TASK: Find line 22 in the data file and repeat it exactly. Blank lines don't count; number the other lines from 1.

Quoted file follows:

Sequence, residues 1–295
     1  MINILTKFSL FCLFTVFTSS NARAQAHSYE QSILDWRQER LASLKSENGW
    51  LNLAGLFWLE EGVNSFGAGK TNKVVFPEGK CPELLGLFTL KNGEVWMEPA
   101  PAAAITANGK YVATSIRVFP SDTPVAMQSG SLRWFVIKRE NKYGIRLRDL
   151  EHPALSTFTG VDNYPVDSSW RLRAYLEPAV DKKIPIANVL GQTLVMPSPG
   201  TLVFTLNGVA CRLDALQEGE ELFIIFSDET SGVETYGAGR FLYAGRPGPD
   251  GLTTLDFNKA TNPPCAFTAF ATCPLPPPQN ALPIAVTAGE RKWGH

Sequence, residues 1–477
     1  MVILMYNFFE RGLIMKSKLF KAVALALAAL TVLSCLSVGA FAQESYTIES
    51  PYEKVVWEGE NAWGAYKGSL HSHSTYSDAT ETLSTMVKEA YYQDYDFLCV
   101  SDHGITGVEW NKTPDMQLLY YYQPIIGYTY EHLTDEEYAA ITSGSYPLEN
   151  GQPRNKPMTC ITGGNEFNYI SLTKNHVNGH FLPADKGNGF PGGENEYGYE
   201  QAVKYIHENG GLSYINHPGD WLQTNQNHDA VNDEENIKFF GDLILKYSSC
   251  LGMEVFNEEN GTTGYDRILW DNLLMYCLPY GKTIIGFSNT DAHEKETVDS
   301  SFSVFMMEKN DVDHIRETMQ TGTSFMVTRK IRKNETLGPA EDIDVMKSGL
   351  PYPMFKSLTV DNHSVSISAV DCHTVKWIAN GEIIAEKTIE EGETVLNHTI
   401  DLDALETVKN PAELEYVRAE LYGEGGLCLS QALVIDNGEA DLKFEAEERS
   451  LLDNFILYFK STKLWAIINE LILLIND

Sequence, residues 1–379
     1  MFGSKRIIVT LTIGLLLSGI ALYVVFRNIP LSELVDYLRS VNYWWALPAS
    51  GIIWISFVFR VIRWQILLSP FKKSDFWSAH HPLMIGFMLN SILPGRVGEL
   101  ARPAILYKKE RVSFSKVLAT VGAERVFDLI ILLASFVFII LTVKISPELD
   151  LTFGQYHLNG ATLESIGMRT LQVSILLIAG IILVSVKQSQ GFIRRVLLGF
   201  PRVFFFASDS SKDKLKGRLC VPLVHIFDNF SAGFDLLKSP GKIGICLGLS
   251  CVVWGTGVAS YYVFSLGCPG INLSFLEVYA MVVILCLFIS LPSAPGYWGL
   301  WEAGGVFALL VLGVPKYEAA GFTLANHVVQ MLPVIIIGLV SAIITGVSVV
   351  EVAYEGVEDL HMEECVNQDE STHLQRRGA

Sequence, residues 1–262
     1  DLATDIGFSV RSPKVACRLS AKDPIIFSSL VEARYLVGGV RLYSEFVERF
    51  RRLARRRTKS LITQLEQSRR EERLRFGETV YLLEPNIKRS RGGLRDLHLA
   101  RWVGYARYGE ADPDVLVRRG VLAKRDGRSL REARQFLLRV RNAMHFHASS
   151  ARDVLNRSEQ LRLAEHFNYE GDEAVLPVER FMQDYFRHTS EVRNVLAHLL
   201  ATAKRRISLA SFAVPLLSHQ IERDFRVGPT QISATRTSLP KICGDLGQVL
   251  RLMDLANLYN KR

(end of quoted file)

   101  ARPAILYKKE RVSFSKVLAT VGAERVFDLI ILLASFVFII LTVKISPELD